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Copper pressure flakers. This helps if you have builder friends, of which I have one. I have acquired a pipe cutter and have been given waste copper pipe. Copper is now quite valuable and these would have been cashed in for scrap, so they do have a financial value attached. However, Joe Curley was good enough to furnish me with enough to make twelve pressure flakers of two different diameters. Enough to run a workshop. I flatten the ends and use the point for pressure flaking glass and they work well. They do need regular re-sharpening with a hacksaw and file. I have used a ‘proper’ copper pressure flaker as owned by a colleague and it does work better. Because of this performance issue these re-purposed copper pipes get 8/10.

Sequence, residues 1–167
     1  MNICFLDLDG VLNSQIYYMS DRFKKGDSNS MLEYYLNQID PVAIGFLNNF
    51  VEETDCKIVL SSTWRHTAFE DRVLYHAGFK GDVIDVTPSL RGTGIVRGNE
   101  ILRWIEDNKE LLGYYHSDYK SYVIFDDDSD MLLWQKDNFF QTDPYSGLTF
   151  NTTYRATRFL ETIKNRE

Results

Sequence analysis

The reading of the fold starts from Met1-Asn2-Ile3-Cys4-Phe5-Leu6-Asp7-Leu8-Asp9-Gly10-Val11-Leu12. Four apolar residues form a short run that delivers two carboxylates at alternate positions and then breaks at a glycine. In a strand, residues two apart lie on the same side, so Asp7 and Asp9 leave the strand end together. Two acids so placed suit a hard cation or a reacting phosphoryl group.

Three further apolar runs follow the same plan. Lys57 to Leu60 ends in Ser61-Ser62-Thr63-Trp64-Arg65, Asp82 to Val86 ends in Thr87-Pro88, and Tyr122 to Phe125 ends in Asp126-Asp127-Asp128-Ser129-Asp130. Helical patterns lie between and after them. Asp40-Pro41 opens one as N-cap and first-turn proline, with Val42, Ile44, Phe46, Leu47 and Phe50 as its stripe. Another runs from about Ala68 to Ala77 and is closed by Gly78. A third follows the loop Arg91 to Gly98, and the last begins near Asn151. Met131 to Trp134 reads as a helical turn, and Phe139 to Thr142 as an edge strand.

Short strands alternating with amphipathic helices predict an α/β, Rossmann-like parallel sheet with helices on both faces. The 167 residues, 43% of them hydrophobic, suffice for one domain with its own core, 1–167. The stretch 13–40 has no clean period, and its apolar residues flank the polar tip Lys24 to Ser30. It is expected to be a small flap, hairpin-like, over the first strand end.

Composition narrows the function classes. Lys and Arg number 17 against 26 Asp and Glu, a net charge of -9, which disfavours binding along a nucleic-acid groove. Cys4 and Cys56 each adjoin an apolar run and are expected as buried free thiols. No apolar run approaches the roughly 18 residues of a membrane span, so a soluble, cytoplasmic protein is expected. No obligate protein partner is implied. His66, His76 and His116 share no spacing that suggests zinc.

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Soft iron pressure flakers. This is based upon an Ishi type pressure flaker and its production method is detailed here and here. This type also needs regular sharpening with a file, but it is easy to replace the nail when it has worn down. It is now my favourite tool and although there is a cost attached to the production it still gets 10/10 because I like using it so much.

I love these tools because they have allowed me to practice and get better. The free availability of these materials has also allowed me to share my enjoyment and my equipment with others who have made the mistake of expressing an interest. In turn, I now learn a lot from the other people I practice with. We get real excitement from sharing a new revelation, or a newly recognised free source of materials. I could at this point segue onto the social aspects of flintknapping in the present and past. However, the next post will be an accompaniment to this one and discussing freely available materials. Probably.